Arsenal delivered a counter-attacking masterclass to claim a comfortable win over Spurs in the north London derby on Sunday.
I confess, I really didn’t know what to expect from Mikel Arteta’s men heading into the match but they were sublime in the opening 45 minutes to a man and scarcely allowed the visitors a sniff in a dominant display.
Game-state dictated that the Gunners cede possession and space in the second half and the result was, frankly, uncomfortable viewing but, in the end, the Gunners held firm at the back to claim a morale-boasting, momentum-building victory.
After an abject opening three matches of the season, this clash was looked at as the one which might well decide the manager’s fate but, as is so often the case in football, things change fast.
Instead of facing the chop, the manager has bought himself breathing space and time for this project to develop and what a way to do it.
Nuno Espirito Santo has a pretty good record against Arsenal playing intelligent counter-attacking football so it came as a big surprise that he seemed to eschew that formula for a more front-foot approach at the outset.
If nothing else, it was ballsy and a real gauntlet thrown down to this young Arsenal side. I can see why he did it, but boy was he burned. Instead of buckling under the pressure, the Gunners turned defence into attack at devastating speed and were, frankly, inch-perfect in front of goal.
The visitors were all at sea defensively and never really recovered from going behind. Goals two and three quickly followed – the result of more turnovers and rapid breaks – and the match was done by the break.
Of course, when you get so far ahead so early in a game, it makes sense to alter the approach but the second half wasn’t particularly good. I understand those who would ask why we felt we needed to change tact at all.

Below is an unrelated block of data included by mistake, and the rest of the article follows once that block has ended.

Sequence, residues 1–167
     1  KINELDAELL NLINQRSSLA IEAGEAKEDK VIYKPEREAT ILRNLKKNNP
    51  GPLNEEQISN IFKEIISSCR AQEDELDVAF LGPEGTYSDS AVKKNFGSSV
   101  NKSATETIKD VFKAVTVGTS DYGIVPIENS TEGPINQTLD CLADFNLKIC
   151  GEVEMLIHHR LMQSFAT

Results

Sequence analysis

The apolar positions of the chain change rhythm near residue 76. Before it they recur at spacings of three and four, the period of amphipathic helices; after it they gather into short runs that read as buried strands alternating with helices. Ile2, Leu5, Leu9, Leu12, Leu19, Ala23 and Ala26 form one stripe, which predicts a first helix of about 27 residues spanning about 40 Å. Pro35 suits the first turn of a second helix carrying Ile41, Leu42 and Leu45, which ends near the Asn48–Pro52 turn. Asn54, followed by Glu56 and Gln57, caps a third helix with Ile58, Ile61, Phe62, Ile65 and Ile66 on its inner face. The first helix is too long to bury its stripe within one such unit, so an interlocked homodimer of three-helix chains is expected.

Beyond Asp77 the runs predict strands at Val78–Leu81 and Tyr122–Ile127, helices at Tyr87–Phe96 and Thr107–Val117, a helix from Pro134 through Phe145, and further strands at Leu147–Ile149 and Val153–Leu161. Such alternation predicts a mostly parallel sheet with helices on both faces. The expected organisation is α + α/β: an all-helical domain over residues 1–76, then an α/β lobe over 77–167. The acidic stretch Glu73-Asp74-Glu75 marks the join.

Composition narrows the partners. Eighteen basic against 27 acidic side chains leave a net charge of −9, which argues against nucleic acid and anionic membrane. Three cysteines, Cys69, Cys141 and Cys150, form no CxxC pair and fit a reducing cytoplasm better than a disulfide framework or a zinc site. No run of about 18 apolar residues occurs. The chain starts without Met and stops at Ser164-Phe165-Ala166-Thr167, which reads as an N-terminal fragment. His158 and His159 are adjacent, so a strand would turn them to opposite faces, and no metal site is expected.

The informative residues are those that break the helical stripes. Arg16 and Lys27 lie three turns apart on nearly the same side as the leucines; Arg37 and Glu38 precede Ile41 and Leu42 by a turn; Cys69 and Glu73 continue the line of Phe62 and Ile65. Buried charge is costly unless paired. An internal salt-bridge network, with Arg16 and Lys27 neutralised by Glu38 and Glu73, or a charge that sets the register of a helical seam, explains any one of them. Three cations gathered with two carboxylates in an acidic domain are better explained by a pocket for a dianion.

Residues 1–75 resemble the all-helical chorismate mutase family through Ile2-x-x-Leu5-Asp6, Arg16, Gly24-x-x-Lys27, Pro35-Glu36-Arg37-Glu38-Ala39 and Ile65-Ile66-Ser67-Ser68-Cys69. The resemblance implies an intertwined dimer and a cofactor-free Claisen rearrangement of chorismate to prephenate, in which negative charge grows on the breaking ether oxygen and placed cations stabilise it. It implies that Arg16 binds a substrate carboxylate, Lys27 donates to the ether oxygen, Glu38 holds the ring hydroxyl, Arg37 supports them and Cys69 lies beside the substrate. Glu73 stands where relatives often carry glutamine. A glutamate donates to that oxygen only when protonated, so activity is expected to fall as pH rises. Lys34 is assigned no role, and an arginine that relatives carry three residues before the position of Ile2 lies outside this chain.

But for some wasteful finishing and some good saves, matters have been a little more uncomfortable for the Gunners – who rarely ventured forward with the same gusto in the second period as they did in the first.
That said, they really didn’t need to. The hard work, sharp passing, and deadly finishing on show in the opening 45 minutes was enough to put the match far beyond a ragged and dispirited Spurs side.
It’s always tough to pick out a star man when so many players were at the top of their game but Martin Odegaard and Emile Smith Rowe were outstanding midfield floaters while Aaron Ramsdale was sensational between the sticks.
The former Sheffield United man was the subject of much hand-wringing among fans when news of our interest first break but he is showing week-in, week-out why that was utter social media nonsense. He looks as if he lives for the challenge and plays so much of the time like a boy living his dream. Good for him and good for our defence which looks more a cohesive unit now than it has more an age.
Credit also to Arteta who is starting to get some change out of this young team. I don’t doubt for a moment that there will be tougher times to come and more questions will be asked but, in these last few weeks, this side has started to come together. Sprinkled with a few older, wiser heads, it is growing up fast and, best of all, it still has plenty more room to go.
The only real downside of the afternoon was the surrender of our clean sheet. It’s difficult to defend against any side for 45 minutes and not concede a chance or two but a clean sheet would have been the icing on a delicious derby cake.
Alas, it wasn’t to be this time but let’s not be churlish. I went into the afternoon unsure of what we might see and ended it with three points and three sensational goals. You can’t argue with that.